In response, I LET MY GUARD DOWN. Holy crap you guys, (and ladies, and humans) I am such a guarded person that sometimes I forget I’m the one who constructed that wall. I forget that she can’t do her job as my spouse, if I don’t sit down, shut the fuck up, and OPEN THE DOOR FOR HER. LET DOWN MY WALLS AND SHE CAN HELP ME. How can she know what my needs are, if I hadn’t asked her for help?

So, I’m sitting there, like, “Wow, yeah I forgot to make room for two, didn’t I?” I also opened up and owned up to my portion of the mess we had created. And hours had gone by. I was talking and talking and crying and she was too. And then I realized, once more, THIS IS WHY WE ARE STILL MARRIED. THIS IS WHY IT DOESNT MATTER IF SHE’S MY WIFE NOW, RATHER THAN MY HUSBAND. BECAUSE WE SHOW UP. CONSISTENTLY, AND WHEN IT MATTERS MOST, WE HANDLE THINGS WELL, TOGETHER. BECAUSE, MORE THAN ANYTHING, SHE’S MY FRIEND.

She’s my friend. She’s my friend. <3

I had just told my wife, my absolute best friend, that my anxiety was getting the best of me, and that the world she exists in would be better off without me.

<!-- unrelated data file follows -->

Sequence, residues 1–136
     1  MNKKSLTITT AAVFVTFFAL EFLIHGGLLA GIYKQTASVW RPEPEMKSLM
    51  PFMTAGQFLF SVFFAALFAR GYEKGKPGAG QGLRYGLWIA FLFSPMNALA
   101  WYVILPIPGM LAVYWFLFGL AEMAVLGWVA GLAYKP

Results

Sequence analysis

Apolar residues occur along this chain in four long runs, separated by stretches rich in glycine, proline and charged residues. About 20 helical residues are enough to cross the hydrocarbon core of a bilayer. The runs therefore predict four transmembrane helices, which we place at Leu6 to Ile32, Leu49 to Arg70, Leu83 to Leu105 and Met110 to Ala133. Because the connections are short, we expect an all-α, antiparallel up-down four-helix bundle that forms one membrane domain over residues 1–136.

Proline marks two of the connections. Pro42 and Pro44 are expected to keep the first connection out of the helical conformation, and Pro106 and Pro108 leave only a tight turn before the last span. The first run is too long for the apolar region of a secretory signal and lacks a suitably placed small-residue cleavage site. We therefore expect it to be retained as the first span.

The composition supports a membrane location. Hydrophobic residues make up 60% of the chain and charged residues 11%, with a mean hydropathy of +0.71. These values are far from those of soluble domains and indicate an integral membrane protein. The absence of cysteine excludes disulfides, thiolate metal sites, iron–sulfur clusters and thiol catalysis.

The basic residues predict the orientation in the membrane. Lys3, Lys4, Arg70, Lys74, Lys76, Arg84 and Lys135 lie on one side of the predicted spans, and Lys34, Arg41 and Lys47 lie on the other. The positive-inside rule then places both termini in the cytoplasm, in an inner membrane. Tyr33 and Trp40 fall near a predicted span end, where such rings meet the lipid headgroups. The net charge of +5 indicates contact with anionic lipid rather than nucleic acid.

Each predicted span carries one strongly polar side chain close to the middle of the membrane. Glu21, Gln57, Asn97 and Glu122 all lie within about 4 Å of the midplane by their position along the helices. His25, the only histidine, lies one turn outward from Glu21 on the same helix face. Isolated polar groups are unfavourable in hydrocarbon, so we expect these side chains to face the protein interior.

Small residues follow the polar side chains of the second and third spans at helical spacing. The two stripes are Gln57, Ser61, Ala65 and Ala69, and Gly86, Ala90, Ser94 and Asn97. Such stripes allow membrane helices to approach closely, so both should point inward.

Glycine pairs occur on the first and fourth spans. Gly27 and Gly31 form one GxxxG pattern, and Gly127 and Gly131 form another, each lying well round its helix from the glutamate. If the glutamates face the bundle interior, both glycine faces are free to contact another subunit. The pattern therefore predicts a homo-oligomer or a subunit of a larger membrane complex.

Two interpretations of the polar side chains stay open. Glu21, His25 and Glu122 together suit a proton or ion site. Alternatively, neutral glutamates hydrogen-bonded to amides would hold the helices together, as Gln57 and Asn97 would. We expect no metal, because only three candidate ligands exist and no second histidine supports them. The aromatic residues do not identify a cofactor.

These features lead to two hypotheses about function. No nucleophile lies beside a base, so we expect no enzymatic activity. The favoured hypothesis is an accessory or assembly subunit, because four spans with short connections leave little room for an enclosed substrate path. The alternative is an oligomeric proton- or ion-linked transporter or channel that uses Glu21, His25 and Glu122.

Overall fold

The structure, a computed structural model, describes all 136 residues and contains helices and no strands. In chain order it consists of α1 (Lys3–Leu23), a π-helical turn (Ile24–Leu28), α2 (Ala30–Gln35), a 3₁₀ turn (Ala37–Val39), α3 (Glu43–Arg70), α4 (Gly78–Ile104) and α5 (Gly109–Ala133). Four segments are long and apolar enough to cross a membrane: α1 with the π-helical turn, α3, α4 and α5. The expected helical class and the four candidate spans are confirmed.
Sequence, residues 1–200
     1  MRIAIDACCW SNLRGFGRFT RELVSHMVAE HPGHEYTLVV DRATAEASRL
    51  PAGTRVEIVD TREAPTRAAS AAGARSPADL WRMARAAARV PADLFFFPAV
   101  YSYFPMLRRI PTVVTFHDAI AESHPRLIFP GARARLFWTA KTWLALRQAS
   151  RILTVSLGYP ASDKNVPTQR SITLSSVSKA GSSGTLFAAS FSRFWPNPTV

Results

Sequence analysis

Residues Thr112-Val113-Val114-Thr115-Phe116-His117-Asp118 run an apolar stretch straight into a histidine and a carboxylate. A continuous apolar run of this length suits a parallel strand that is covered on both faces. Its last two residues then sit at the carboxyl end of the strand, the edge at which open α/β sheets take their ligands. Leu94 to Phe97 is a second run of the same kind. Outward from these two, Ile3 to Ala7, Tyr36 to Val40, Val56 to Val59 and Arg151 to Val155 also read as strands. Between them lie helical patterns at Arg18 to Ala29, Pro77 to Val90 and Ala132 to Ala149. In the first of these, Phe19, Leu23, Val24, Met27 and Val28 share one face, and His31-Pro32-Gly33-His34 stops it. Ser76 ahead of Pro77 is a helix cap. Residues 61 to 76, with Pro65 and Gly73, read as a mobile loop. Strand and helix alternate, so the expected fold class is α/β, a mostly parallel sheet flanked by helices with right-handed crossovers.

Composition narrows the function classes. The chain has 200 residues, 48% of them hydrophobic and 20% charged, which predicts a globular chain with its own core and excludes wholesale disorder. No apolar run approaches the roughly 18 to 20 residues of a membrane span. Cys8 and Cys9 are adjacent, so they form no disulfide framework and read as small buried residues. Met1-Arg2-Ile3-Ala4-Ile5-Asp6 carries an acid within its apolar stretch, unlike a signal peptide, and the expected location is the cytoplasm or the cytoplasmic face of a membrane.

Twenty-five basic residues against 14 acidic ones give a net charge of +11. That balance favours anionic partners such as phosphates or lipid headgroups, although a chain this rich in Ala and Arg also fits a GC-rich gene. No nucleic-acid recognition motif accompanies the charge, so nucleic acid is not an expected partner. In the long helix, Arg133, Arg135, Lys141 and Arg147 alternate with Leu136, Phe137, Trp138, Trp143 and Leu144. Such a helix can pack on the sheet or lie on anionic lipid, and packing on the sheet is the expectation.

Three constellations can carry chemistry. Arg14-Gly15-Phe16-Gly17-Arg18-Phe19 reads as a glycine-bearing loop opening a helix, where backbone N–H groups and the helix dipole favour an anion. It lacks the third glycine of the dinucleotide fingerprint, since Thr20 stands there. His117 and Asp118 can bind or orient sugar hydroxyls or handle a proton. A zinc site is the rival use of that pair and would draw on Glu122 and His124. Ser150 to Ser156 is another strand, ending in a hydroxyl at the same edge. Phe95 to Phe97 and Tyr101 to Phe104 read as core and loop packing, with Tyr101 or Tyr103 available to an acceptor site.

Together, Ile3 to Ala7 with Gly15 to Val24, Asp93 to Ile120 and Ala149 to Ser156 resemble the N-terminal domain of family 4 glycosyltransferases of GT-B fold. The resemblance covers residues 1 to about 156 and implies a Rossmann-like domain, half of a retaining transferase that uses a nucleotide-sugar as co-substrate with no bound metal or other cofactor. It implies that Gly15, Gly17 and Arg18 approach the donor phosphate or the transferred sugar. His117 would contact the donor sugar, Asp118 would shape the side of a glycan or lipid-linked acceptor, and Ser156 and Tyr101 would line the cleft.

She listened to me, without interrupting me. She listened to me, and then she validated my feelings. Afterward, we began to talk about our next steps, and then we collaboratively problem-solved. Sometime later, we held each other, like always. We got up the next morning, renewed and looking forward to the new life we are presently making with each other.

Now, 90% of the resentment and frustration we held onto is gone. Simply because now I know that she does love me, and that she does listen to me.

(90% means the major hurdles. 😉 it’s a fake percentage I used for demonstration purposes).

As for my wife, she got to see me, the real me, in my rawest form. She got to see me breathe for the first time in a long time. She got to see me, the me that is unwound, lackadaisical and creative, a fellow gamer, and as always, a sucker for love and happy endings.